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Don't get mad, just a question,

Discussion in 'General Gun Discussions' started by mljdeckard, Jan 30, 2013.

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  1. Phatty

    Phatty Member

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    To answer the original question from this thread, the problem with restricting the use of collected data is (1) the executive department might ignore the law's restriction and (2) laws are easily changed. In the case of (2), assume that x years in the future Congress expands the use of the data. Now, all of that data from the past x years is sitting there waiting to be used for whatever purposes Congress or the Executive branch can envision.
     
  2. cluck

    cluck Member

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    Who gives you your "Freedom ID #"?

    Of course, I've got my pre-approved "Freedom ID #".......It's called Utah CCW permit. Who here would make a private sale to me?
     
    Last edited: Jan 30, 2013
  3. Quick Draw McGraw

    Quick Draw McGraw Member

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    Well keep in mind that the ONLY time ANY background check is at all useful is in a transaction between a law-abiding gun owner/gun dealer and an unknown buyer. If the seller is a criminal than obviously any law is moot and if the transaction is between two known parties than obviously a background check is unnecessary. There are of course a bunch of scenarios where laws won't work, but I don't personally subscribe to the "if it won't stop all cases of a bad guy getting a gun than it is worthless" school of thought. I'm not opposed to measure taken to prevent bad guys from getting guns as long as those same measures can't also be used as pseudo-registration.
     
  4. larryh1108

    larryh1108 Member

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    Personally, I feel any permit to own or carry is plenty to prove legal ability to own. You have to jump thru hoops to get one in most states. For states that don't have one then a simple "type" of drivers license or state ID would do the trick. I believe that's how it works in most states anyway. You have a permit, you get to buy it, FTF or from an FFL. The background work is already done. There really shouldn't be a need for the 4473 for permit holders and I believe some states already allow that or is the 4473 a federal requirement?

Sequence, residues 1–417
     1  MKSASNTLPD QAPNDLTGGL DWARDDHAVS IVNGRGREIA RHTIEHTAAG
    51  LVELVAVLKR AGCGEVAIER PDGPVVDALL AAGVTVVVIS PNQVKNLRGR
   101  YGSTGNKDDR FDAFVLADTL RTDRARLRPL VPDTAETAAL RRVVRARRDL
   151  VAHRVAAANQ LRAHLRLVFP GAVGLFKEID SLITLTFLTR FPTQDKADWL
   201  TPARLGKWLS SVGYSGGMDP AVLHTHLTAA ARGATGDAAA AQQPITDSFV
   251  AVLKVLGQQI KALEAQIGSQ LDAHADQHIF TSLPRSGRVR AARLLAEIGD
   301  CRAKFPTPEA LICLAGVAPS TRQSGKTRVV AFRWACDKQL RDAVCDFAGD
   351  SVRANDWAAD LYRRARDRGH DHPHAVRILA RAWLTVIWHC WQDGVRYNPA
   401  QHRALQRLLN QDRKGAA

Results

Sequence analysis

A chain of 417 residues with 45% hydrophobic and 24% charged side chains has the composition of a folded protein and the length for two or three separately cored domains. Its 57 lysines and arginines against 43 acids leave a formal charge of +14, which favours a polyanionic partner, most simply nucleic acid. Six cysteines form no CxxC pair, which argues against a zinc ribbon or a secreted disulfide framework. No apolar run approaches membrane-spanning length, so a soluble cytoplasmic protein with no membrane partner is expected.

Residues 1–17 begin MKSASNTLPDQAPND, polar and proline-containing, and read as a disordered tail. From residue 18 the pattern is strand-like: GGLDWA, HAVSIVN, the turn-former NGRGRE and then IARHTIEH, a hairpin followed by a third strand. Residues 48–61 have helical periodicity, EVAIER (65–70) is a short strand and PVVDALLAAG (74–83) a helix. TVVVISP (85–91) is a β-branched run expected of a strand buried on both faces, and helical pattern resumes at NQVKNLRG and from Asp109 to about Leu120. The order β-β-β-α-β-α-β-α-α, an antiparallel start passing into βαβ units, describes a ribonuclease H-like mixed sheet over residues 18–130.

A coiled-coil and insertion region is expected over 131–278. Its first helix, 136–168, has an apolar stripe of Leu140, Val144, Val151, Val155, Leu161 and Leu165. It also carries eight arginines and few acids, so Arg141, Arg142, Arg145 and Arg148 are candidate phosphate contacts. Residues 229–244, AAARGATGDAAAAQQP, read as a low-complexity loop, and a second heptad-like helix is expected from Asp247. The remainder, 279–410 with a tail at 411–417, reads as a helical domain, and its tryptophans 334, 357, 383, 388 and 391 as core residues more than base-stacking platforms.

5. Deanimator

    Deanimator Member

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    And this is the fundamental issue.

    Without registration, ANY such plan is utterly meaningless.

    Those of us from Chicago know what comes next.
     
  6. Quick Draw McGraw

    Quick Draw McGraw Member

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    In my fantasy land where this law exists you get it from the NICS system, which has been modified to allow anyone free access. You put in your info similar to how you do for the 4473 form and if you check out in NICS it spits out this Freedom ID.

    And I'd be all for allowing exemptions for CHL holders. It would be essentially treated as a "freedom ID" that is valid for as long as your CHL was valid.
     
  7. rdhood

    rdhood Member

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    Wrong analogy. A firearm is not a car, boat, trailer, or motorcycle. There is no "shall not be infringed" right to own a car, boat, trailer or motorcycle.

    Correct analogy: Do you have register and pay a fee to exercise any of your other constitutional rights? The answer is NO. So stop with the invalid analogies comparing firearms to boats or insurance. If you want to compare apples to apples, compare this 2nd amendment right to the other rights. See if you have to do anything (register, pay a fee, have your name compiled in a database) to exercise those rights (hint: you don't).